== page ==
The Weingart Foundation Endorses The Groundbreaking Work And Report By The California Task To Study Reparation Proposals For African Americans

June 29, 2023 (Los Angeles, CA) — Miguel A. Santana, President and C.E.O. of the Weingart Foundation, a private grantmaking foundation that partners with communities across Southern California to advance racial justice, released the following statement related to the release of the report by the California Task Force to Study Reparation Proposals for African Americans (Task Force).  

“On the day the Supreme Court rules against affirmative action in higher education, the Weingart Foundation strongly affirms its support for the California Task Force to Study Reparation Proposals for African Americans (Task Force).  As Supreme Court Justice Sotomayor stated today, we live in an “endemically segregated society where race has always mattered and continues to matter.” The data in the Task Force’s report clearly demonstrates this point. 

“The Weingart Foundation’s commitment to racial and socioeconomic equity is grounded in our understanding of this country’s history of Indigenous genocide, theft of land, enslavement, and the subsequent decades of government practices that not only excluded Black Americans from equal and meaningful participation but also inflicted generational harm that continues to this day.  Today we also recognize that the source of the wealth that we steward benefited from racist policies and practices.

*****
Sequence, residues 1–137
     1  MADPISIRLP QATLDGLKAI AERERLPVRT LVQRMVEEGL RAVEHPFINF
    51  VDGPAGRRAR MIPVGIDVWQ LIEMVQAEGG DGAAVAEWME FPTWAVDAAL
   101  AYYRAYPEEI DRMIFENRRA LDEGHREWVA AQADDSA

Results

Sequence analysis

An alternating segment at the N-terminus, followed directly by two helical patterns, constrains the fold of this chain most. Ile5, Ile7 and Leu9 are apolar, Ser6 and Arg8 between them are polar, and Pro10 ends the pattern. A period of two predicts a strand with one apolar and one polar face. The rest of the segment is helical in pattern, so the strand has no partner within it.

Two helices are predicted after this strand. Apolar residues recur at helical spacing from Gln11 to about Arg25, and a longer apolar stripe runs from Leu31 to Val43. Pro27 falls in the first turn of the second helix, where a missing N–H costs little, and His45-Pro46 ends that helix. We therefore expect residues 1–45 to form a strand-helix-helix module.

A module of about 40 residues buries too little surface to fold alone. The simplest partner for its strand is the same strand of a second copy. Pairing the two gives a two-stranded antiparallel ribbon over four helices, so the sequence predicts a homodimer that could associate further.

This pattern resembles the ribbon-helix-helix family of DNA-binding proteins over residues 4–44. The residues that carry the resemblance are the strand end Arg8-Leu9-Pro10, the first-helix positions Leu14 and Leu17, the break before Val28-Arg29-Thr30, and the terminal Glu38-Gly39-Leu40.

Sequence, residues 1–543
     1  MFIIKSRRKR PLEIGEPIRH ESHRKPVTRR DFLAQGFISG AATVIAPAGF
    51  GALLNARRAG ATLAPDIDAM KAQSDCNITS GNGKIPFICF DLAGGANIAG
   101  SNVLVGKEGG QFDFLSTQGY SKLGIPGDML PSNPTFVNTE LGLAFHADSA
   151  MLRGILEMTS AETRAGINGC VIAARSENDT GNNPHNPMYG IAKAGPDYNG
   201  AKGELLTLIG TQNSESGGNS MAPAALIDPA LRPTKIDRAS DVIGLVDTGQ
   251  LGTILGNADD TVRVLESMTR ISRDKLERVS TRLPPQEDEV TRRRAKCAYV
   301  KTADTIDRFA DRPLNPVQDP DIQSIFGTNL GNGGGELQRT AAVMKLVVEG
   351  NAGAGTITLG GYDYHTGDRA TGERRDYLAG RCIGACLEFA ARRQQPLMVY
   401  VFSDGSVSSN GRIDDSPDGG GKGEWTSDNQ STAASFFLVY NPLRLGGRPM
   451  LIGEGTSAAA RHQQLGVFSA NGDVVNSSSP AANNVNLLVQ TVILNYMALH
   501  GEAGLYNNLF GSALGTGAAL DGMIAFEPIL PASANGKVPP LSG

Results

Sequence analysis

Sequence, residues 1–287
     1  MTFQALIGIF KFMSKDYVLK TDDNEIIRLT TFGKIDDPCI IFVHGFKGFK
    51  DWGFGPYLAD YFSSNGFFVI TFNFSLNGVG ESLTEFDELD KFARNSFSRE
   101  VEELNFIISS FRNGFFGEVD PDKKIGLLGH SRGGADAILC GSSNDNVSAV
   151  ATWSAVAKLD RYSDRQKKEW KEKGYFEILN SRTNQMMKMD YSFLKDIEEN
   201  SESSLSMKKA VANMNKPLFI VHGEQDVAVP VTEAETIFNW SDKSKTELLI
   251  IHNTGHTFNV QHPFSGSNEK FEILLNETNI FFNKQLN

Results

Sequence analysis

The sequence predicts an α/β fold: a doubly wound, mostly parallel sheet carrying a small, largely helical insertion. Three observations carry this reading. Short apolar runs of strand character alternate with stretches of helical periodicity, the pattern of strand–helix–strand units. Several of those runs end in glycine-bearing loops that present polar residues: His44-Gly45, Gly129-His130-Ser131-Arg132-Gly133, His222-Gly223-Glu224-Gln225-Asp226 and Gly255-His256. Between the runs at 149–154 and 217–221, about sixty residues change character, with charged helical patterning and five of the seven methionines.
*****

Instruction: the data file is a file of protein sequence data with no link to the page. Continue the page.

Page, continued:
“As a Foundation committed to addressing structural racism and the legacy of anti-Blackness, long-term investment in Black leadership and organizing in Black communities is a core part of our grantmaking to individual nonprofits and through collaborations like our $5 million commitment to the California Black Freedom Fund.  However, this does not and cannot replace the transformational power of government sponsored reparations for the generations of state sponsored harm to Black Californians.

“We applaud the Task Force’s research and report that outlines in great detail the compounding and ongoing harms specifically experienced by Black Americans in California including enslavement, exclusion from political participation, racist housing policies, prohibiting education, racial terror, disproportionate justice system involvement, exclusion from employment, and the racial wealth gap. This history, including the specific role of California’s state and local government, is not fully taught and not well known – such as its support of enslavement, even as a free state. We simply cannot achieve true racial justice if we are not honest about the legacy of racial injustice that led to the harmful conditions so many Black and other Americans face today.”   

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